Coming back to From The Vastland, which according to its website is “influenced by Persian history and mythology” and whose main man wears a ‘farvahar’ Zoroastrian pendant, which is a religious and nationalistic symbol, while incorporating the tendency in its titles and lyrics, this website can only impart one advice to the band and metal fans in general. You have already broken free once by adopting the music of the superlative. It is time now to leave the rest of it behind and reject the past you were born into. – Ali “The Metallian”

Vicious, energetic, fast, crushing and full of heavy harmonies. That is The Haft Khan, the new album by From The Vastland founded and run by Iranian expatriate Sina out of Norway with help from Tjalve (1349) and Spektre (Gaahls Wyrd). This band and album become even more of an achievement were one to consider how the singer and multi-instrumentalist probably be hung by the Iranian regime were he to be identified and arrested.
The cumulative effect of this album is akin to the rush of seeing a horde of horsemen spill down the mountains and onto the lands galloping hard and mowing anything that stands before them. The album begins with a crackle akin to listening to a vinyl as if the music was taped onto the CD from the record original. It is a very good start that follows. It is a take-no-prisoners’ approach that puts the listener in the mood with both the screamed and lower pitch vocals interchanging for feeling of death, lore and haunting. With speed and heaviness checked, a heavy skin sound courtesy of an actual drummer who can play and a full sound and production The Haft Khan is as convincing as they come.
The Haft Khan references an Iranian legend dating back over one thousand years. ‘The Seven Tasks’ are attributed to an Iranian mythical hero called Roustam and his horse Raksh as narrated in a grand work of poetry called Shahnameh by the poet Ferdowsi. This implies two things: Firstly - no matter how much little kiddies insist and parrot otherwise – this is not black metal. Heck, this is a tribute to good defeating evil. This is hero metal telling tales of folklore with power and hierarchy re-established when a powerful king is restored to the throne and the demons are defeated. Secondly, as much as patriotism is chauvinism and is embarrassing, one has to acknowledge main man Sina’s surely conscious decision to stay away from silly non-metal instrumentation. This folk metal CD could easily have descended into the mire of Iranian melodies and tacky Iranian instrumentation. It does not and the album is so very much better and more credible for it. Even better, despite the album being a concept, it is not held up in boredom. Perhaps the guys in Judas ‘Nostradamus’ Priest could contact Sina and request lessons in album construction from him?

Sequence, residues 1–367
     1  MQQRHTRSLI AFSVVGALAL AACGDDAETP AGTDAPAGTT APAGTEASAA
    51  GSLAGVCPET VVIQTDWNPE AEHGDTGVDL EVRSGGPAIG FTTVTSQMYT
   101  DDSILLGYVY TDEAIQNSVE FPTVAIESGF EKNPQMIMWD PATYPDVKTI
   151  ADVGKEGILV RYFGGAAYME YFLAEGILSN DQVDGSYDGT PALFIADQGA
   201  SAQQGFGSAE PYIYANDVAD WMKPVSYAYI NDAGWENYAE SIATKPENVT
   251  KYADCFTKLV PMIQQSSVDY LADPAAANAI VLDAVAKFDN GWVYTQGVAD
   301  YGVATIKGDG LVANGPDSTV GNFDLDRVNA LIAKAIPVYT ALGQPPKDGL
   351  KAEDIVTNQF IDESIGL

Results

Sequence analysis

The album is divided into seven tasks and hence seven tracks. Khan E Aval betrays a Mayhem influence and then blasts forth. It has a warm and strong bass sound. Khan E Chahrom features an occult voice-over and a dark aura. It has a few effects to tell the story, but the song is not allowed to be weighed down by these. Think Sabbat’s History Of A Time To Come album. Khan E Panjom has a powerful drum roll, but fades like a pop song. Khan E Sheshom incorporates brief effects and spoken word to tell the story, but is neck breaking fast and Haftom (or seventh) cruises at hypersonic speeds. The only thing these songs are lacking are hypersonic metal guitar solos.
This is one of the better albums of recent months and an excellent choice for fans of Marduk, Mayhem and Dissection and comparable in quality to better newer releases like The Spirit’s Cosmic Terror or Czort’s Apostol. – Ali “The Metallian”


From The Vastland